By 1859 he was in Redbournberry in Singleton in partnership as Zarah and Hopping, advertising their offer to make any quantity of well burnt good quality bricks for railway constructors, builders etc in Singleton. They were the nearest brickwork to the town and convenient for cartage. They also made tiles, having 500 flooring tiles for sale in September.

Three more children were born at Redbournberry, in Jerrys Plains near SINGLETON: Jane (1860), Benjamin Jr (1861) and Lavinia (1863).

By December 1865 they had returned to Sydney where their 6th child, Charles, was born at Camperdown.

It is said that with a contract to make 10,000 bricks, Benjamin acquired a land grant in Parramatta Road (where AWA now stands) and set up a brickworks but this needs to be confirmed as we know he was working for Mr Fowler throughout 1965. It is more likely he was contracted to work for Fowler to make the bricks.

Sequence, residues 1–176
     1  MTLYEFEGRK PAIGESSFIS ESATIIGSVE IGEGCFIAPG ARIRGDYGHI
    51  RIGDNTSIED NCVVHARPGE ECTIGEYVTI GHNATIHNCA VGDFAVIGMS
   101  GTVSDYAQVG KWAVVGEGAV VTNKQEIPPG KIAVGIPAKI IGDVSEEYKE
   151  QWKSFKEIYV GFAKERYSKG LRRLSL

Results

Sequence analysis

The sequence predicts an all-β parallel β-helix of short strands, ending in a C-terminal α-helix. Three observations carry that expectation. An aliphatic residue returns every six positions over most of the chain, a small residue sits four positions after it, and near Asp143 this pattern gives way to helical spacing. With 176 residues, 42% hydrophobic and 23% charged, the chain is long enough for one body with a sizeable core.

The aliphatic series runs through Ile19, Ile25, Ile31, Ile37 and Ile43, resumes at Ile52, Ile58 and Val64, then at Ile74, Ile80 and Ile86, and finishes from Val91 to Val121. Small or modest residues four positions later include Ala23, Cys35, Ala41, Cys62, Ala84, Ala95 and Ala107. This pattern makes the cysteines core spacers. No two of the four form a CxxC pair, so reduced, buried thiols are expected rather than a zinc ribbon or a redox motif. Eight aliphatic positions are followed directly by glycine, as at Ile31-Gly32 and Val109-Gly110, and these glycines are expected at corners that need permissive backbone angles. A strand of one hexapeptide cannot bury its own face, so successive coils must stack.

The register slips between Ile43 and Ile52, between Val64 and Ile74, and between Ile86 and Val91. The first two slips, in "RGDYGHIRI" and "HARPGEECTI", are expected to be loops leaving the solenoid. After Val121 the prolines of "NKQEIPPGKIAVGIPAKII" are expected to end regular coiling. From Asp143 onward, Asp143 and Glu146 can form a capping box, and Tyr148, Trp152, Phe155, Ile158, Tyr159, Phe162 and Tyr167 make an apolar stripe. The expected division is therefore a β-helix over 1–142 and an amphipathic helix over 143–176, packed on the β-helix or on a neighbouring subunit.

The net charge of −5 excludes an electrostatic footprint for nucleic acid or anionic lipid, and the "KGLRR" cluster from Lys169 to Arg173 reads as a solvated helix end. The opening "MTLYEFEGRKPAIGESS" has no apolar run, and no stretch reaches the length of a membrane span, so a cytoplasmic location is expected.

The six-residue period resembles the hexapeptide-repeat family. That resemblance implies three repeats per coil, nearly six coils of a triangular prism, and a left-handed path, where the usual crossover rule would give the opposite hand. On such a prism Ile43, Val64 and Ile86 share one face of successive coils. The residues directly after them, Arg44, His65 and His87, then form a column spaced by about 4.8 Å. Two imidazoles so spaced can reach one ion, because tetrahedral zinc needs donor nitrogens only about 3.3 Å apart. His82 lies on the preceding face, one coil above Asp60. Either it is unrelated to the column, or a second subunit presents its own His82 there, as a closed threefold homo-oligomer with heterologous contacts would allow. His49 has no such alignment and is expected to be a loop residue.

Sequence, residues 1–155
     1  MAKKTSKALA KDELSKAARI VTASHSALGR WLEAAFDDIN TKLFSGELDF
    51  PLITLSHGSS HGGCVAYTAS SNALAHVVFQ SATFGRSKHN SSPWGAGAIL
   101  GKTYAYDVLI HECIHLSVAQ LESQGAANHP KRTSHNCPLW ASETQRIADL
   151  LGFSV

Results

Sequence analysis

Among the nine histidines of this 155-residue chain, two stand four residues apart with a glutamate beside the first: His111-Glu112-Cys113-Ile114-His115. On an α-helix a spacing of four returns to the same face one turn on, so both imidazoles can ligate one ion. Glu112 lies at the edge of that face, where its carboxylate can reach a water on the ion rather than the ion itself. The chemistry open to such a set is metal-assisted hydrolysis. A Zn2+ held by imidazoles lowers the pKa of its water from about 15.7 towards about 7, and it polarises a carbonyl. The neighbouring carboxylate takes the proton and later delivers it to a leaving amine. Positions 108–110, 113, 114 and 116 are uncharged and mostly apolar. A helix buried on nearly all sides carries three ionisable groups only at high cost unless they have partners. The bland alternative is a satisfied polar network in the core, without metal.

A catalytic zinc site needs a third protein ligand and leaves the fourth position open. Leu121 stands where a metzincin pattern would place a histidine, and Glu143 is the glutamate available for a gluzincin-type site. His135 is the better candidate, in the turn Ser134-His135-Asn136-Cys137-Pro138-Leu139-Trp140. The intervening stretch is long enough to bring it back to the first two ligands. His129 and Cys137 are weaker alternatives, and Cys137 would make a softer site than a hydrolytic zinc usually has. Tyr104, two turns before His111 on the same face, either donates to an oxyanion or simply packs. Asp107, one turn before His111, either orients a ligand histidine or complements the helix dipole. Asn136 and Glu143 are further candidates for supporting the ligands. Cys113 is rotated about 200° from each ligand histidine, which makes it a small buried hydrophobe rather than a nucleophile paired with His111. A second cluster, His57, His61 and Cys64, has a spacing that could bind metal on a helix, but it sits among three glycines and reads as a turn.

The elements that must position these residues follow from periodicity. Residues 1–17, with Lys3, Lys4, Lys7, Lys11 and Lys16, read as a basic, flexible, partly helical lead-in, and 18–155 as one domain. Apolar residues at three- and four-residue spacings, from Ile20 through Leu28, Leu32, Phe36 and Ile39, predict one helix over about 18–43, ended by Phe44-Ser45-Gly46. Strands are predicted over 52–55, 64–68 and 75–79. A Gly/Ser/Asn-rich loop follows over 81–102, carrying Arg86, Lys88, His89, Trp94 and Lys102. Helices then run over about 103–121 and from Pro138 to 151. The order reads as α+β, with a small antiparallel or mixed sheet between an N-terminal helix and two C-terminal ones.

During the 1860s he continued as a brickmaker, working for E Fowler in Camperdown and later the Australian Patent Tile Company.

Benjamin’s references from his early Australian employers
An advertisement in 1870 for the tiles made by the Australian Patent Tile Company described them as “very superior to either shingles, slate or iron, being more secure against fire; while the Tiles sparkle, yet have not a blinding glare in the summer time, lite COOLNESS (so essential in this warm climate) and WATERTIGHT PROPERTIES, independent of the architectural and painted-like effect of these Tiles, which figure so strongly and prominently, and form the charm of the Italian cities, has rendered the AUSTRALIAN PATENT TILE as popular in Sydney and the suburbs as it is in Italy.” Impressive claims indeed!